OPB reports:

Giving high school students the opportunity to earn college credits can be enormously valuable for students like Stanfield sophomore Kaitlyn Burns, because it reduces the cost of obtaining a college degree. It has taken a united effort between high schools and local colleges, known as Eastern Promise, for that to happen. It is one of a half-dozen ways Oregon schools offer college credit to high school students.

“The neat thing about it is you have teachers from around the region scoring a lot of the student work and creating the assessments, and collaborating also with higher ed. Kids really have to earn it — and not everyone does,”  said Bryan Johnson, Stanfield’s principal.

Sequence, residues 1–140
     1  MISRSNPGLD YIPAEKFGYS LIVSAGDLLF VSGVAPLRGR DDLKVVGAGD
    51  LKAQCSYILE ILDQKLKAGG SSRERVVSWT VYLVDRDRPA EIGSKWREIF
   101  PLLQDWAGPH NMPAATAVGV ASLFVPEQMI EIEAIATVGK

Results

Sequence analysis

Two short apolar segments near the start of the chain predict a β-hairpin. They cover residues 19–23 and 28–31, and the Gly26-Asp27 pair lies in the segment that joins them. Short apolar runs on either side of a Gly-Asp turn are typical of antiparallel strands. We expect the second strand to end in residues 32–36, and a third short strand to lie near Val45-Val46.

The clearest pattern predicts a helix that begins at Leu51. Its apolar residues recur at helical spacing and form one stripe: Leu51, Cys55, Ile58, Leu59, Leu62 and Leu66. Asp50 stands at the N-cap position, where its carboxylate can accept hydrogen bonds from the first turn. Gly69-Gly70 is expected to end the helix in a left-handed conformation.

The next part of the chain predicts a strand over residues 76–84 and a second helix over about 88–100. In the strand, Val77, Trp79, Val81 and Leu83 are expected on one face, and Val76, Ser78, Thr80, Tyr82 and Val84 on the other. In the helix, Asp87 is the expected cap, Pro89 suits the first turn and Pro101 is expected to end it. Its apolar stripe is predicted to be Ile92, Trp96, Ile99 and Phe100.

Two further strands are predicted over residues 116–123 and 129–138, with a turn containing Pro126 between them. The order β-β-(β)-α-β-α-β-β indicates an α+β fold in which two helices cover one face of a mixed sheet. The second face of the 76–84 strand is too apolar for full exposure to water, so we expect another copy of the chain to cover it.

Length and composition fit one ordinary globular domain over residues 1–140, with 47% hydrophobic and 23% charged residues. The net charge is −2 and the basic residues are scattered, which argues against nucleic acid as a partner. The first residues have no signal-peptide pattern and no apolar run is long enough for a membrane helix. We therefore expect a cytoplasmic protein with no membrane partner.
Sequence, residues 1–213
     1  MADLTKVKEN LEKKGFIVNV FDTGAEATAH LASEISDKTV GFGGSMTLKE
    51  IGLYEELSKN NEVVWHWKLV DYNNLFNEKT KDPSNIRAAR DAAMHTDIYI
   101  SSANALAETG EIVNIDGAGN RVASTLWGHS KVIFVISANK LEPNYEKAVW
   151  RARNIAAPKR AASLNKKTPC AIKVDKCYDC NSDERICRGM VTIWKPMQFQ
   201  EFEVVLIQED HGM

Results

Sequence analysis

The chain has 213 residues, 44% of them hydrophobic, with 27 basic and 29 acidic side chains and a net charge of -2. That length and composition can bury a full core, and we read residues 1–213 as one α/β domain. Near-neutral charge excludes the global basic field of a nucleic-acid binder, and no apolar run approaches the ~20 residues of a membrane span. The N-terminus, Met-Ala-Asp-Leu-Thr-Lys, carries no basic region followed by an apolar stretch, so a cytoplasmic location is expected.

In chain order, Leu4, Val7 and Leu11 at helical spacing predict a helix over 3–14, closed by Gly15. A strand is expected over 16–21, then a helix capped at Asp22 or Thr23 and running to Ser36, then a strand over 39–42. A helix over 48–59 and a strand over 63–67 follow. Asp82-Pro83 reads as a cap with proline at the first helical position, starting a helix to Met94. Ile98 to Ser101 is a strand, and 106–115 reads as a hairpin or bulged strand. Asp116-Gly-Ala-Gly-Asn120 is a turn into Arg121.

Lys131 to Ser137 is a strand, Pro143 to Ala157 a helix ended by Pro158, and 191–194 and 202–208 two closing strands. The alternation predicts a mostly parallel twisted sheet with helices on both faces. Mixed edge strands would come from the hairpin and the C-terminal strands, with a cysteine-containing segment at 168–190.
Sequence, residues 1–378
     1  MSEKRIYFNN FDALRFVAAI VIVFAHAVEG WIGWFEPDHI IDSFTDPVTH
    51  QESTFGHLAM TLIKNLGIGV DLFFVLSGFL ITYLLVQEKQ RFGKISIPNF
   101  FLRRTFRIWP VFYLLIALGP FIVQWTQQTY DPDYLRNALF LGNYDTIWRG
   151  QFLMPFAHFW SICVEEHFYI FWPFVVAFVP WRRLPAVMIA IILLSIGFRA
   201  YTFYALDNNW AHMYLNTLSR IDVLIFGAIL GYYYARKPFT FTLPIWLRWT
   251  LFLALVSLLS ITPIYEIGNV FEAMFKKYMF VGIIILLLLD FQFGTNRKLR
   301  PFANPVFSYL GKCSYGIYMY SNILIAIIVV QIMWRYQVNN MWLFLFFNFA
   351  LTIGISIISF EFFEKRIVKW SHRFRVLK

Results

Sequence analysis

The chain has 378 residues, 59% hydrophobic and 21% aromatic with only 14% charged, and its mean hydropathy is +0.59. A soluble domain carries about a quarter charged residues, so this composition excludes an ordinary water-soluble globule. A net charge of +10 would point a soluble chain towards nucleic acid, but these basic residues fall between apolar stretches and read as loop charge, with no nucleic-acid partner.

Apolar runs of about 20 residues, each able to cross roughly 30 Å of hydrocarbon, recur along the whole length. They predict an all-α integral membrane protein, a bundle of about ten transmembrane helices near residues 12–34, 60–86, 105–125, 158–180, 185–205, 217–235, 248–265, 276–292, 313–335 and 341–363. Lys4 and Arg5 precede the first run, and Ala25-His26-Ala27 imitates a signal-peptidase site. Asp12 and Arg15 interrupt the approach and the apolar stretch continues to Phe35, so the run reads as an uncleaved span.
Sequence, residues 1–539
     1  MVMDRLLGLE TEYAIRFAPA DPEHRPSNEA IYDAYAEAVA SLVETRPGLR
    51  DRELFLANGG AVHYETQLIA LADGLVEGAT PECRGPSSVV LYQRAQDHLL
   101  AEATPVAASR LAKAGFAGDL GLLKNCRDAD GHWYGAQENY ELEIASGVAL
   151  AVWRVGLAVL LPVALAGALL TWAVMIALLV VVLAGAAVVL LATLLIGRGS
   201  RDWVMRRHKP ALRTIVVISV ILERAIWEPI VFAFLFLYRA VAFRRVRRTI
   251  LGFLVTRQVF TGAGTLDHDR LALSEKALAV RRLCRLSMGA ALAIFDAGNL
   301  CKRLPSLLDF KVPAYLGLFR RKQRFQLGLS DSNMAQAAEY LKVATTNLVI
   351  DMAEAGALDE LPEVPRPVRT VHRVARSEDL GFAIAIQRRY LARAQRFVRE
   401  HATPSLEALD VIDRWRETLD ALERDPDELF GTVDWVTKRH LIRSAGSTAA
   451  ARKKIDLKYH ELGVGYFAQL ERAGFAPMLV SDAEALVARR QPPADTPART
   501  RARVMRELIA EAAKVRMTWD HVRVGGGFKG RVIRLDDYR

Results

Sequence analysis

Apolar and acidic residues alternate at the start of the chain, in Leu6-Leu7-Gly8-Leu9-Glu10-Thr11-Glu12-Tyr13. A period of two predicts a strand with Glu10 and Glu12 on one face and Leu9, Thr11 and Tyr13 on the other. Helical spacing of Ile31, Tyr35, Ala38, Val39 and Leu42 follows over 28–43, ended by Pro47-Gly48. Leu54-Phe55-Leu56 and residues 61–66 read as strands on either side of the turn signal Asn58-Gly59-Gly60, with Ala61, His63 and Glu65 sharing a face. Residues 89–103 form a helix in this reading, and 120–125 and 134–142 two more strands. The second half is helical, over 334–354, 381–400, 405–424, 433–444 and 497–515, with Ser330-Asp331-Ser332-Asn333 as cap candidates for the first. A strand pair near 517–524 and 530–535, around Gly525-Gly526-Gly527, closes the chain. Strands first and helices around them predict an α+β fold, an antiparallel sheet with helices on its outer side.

81 percent of seniors with Eastern Promise credits go on to college — compared to the state average of 56 percent. And they save money, at $10 a credit.  Multiply that credit cost by thousands of students over the last few years, and Eastern Promise estimates it has has saved families $1.7 million.

Listen to the full story below and see additional reporting by OPB on the Eastern Promise program.